Money should not be a barrier to picking a guardian. It is your job as parents to make sure your children will be financially secure in the event of your death. Many people do this by buying term life insurance in the event that they pass away before building up sufficient assets for their loved ones.  Lily and James Potter left Harry thousands of gold galleons at Gringott’s Wizarding Bank.  However, they failed to provide any guidelines for stewardship of the inherited funds and neglected to identify who had access to the funds for Harry’s care.  Indeed, Harry was not even aware that his parents had left funds for his support until he was eleven years old. The first ten years of his life he was left to scrounge with hand-me-downs from his step-brother. 

3. Protect the Assets that You Leave Your Children
There are no restrictions or oversight for Harry to spend the piles of gold left by his parents.  A proper trust fund would have provided a Trustee with guidance to spend the funds for Harry’s benefit for items that his parents thought were important. Trust distribution guidelines help the Trustee decide whether distributions are appropriate, so the more detailed a parent can be, the better. With comprehensive trust guidelines you can inspire and empower your children to use their trust funds for valuable and meaningful endeavors.  For example, funds may be used to go to school, establish a business, get married, adopt a child, build a home, travel, take self-enrichment courses…the list is limited only by what you wish to encourage your children to aspire to.  Fortunately, Harry is naturally conservative and does not waste the inheritance his parents have left him.  The human side of Harry Potter is perhaps even more fantastical than the magical side of Harry. Few eleven year old children would do the same because they have not yet matured enough to discern the best way to spend their funds. The Trustee’s guidelines can inspire your children to become productive citizens and learn the principles of money management and stewardship.  The guidelines should also be flexible enough for an Independent Trustee to authorize spending on something unforeseen, such as fighting a magical dark lord.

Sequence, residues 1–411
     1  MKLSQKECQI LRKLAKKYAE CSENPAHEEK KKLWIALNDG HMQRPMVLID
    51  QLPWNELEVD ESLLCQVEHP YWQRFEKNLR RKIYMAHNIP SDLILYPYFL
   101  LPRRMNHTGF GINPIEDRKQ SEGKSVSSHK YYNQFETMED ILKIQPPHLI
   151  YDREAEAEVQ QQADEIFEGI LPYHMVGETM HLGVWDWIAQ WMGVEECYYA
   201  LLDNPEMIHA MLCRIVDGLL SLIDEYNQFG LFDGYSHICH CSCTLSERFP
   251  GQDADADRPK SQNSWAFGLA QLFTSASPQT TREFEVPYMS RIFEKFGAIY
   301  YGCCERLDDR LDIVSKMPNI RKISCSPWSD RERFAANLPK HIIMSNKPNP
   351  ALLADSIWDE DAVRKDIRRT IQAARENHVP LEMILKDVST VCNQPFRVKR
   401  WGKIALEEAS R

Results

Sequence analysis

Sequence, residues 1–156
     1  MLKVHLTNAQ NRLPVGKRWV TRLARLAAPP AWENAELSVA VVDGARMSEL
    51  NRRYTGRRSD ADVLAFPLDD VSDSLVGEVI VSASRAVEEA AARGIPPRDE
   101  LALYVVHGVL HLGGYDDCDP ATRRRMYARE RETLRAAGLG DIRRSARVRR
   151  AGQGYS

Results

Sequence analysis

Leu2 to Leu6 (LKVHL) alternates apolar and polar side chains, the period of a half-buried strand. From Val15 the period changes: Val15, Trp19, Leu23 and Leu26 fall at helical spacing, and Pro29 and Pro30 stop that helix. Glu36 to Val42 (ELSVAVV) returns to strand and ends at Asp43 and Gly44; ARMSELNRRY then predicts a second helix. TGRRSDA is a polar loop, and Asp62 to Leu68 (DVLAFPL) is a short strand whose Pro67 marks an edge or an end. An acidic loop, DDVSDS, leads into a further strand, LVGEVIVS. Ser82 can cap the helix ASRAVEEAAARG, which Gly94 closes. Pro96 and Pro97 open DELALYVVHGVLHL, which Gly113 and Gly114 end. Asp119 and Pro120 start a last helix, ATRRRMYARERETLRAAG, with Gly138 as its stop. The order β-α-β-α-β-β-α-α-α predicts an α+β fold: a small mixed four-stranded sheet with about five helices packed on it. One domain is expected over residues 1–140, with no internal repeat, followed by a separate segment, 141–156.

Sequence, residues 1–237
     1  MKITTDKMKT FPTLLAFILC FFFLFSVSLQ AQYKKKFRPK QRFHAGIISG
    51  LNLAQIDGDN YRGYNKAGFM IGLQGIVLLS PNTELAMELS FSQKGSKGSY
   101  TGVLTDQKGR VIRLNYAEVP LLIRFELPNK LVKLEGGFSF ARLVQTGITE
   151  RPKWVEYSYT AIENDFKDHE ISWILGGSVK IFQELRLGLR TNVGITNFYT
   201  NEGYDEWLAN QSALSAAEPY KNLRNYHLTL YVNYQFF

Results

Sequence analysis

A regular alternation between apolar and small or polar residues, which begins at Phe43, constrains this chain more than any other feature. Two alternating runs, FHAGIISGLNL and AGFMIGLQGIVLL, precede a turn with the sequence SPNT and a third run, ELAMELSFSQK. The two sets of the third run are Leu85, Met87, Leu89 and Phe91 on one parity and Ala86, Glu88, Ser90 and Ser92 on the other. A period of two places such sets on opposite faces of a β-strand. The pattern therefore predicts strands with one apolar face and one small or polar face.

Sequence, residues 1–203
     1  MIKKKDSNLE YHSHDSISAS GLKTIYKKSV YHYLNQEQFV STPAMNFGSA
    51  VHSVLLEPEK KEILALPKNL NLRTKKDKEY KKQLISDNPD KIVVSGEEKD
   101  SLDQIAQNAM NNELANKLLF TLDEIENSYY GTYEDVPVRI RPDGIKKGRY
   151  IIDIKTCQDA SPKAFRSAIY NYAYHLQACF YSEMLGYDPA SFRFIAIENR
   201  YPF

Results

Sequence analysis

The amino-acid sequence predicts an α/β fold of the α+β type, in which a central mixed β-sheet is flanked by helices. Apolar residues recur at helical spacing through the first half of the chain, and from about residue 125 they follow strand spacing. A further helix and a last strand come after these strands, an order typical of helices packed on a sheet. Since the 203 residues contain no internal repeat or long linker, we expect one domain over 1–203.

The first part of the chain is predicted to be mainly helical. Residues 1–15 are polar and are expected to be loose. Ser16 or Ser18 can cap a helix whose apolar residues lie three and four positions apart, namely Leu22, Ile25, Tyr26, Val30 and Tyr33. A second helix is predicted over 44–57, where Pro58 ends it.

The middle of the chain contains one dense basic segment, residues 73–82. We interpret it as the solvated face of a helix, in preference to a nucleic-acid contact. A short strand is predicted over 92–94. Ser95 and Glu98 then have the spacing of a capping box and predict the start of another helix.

4. Provide Mentors for Your Children
If James and Lily had left instructions for Sirius to be Harry’s mentor, Harry would have had a much better grounding early in life. He would have been better prepared for entering school at Hogwarts and dealing with his wizarding powers. A comprehensive estate plan can and should include honorary positions for family members and trusted friends to stay involved in your children’s lives as mentors and advisors, even if they are not named as guardians. 

I hope that a Harry Potter hypothetical provides an easier way for you to relate to estate planning considerations when planning for your own children.  On a personal note, you just might want to tell your children now, if magical powers run in the family.

About the Author
Maria C. SchmidlkoferMaria C. Schmidlkofer is an associate attorney at the Law Office of Eden Rose Brown.  Her practice emphasizes values-based estate planning for families and individuals.  For more information call 503.581.1800 or email Office@EdenRoseBrown.com. www.EdenRoseBrown.com.

This information was prepared by Law Office of Eden Rose Brown and is intended only to provide general information.  It is neither offered nor intended for use as legal advice, nor is it a substitute for a consultation with an attorney.